They all shook their heads. Mike wasn’t sure if that was a positive or negative. He’d have to sell it sight unseen.

‘It’s horrible to see what our constituents can do to our own community. I was quite emotional when I saw it. It took me a long time to find the sofa. It’s deep in the wood - which you can see marked with “S” on the plan.’

‘Not an X, Mike?’ said Emma. ‘Then again I suppose it’s not treasure.’

‘Indeed. I had to sit down when I found it. It was so deep in the woods I was tired and sweaty. It’s a bloody mystery how it got there. And there lies the rub. It’s deep into the wood. I’ve spoken to the environmental consultant about removing it.’

‘If we have to do it, we have to do it. Morally surely?’ David said.

‘Side park the morals for now. It’s not our doing after all. The consultant said we’d cause more damage to the wood - to the environment - by removing it. She said it was not an eyesore because it’s impractical for people to find it. It took me over an hour: and I knew about it!’

‘Sounds quite reasonable. How much are we paying this consultant?’

‘Nothing. She’s a casual acquaintance. But she talks sense and seems to know what she’s talking about.’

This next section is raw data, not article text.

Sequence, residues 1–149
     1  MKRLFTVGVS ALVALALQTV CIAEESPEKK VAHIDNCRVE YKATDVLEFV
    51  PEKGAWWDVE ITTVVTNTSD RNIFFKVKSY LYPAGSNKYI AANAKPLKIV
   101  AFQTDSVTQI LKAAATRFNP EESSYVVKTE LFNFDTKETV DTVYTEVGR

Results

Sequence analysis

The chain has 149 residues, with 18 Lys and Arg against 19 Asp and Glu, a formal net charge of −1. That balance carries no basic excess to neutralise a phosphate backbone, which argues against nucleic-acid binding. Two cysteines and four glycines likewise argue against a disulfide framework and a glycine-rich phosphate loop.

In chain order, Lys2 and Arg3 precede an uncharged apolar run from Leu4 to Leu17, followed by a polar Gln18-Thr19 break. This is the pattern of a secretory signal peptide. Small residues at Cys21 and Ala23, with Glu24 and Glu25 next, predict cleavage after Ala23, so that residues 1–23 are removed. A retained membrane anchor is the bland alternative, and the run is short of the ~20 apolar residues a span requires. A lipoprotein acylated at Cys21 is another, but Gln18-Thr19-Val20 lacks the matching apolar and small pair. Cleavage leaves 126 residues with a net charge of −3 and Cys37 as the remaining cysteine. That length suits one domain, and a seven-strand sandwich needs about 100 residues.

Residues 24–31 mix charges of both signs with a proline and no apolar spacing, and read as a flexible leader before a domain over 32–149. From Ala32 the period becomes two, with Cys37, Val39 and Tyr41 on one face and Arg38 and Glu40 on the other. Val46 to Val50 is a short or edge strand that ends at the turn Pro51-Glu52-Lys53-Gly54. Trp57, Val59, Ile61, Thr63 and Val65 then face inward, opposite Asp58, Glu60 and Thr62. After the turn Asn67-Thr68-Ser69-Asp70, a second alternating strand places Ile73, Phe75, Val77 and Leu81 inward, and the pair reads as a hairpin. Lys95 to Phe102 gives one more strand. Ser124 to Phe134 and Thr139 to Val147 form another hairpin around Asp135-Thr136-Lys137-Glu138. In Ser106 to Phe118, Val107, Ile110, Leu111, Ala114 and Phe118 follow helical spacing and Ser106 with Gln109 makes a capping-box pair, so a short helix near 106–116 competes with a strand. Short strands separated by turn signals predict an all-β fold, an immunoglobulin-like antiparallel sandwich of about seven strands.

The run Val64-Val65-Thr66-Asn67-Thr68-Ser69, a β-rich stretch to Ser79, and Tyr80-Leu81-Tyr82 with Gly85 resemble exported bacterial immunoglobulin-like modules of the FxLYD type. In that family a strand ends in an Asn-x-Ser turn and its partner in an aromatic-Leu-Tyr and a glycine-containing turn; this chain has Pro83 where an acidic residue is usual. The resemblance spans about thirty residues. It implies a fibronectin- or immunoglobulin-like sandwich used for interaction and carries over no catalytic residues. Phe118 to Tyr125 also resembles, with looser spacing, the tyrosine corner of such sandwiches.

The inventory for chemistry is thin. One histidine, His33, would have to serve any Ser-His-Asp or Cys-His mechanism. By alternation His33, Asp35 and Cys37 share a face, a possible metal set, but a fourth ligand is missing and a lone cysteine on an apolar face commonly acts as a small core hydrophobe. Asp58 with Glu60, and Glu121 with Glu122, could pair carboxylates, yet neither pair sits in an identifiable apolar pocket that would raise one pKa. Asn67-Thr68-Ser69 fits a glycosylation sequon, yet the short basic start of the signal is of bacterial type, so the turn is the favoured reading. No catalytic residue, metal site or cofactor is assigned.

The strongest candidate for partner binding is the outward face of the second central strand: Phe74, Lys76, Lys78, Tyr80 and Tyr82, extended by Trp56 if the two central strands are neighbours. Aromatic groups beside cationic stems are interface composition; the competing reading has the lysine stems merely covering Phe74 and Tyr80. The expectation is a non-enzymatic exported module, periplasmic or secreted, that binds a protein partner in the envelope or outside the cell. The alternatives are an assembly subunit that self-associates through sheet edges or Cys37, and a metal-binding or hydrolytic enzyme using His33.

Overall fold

‘Free: that’s my kinda price.’ David said. Mike knew he meant it - some of David’s backhanders and freebies were embarrassing: he never paid for toilet roll.

‘Anyway, she said we could easily argue that the environmental damage of removing it would be significantly greater than the benefit of removing it and that nature could do our work.’

‘And it would save the council thousands:’ Said David. ’QED!’

It was the first time David ever voted the same way as Mike. The decision was unanimous: the sofa was left in-situ to be enveloped by the wood. It was indeed rarely seen - which was good for Adrienne as her contractors had hidden a body underneath it.


More Eyes and Ears

ManyHeads
Mid Week Flash #208 - 14.07.21


More Eyes and Ears


Every Sunday David would go along to sit in Freedom Square and soak up the atmosphere from all the life going on around him. It never failed to uplift him to sense the bustle and the comings and goings. There were the bars and cafes hosts to family get togethers, the quiet drinkers reading their papers or books, couples on dates and others half hiding their illicit assignations. All life went on here. He enjoyed to watch it flow in front of him on Sundays, but for the rest of the week he watched and listened from five miles away in his roof top apartment.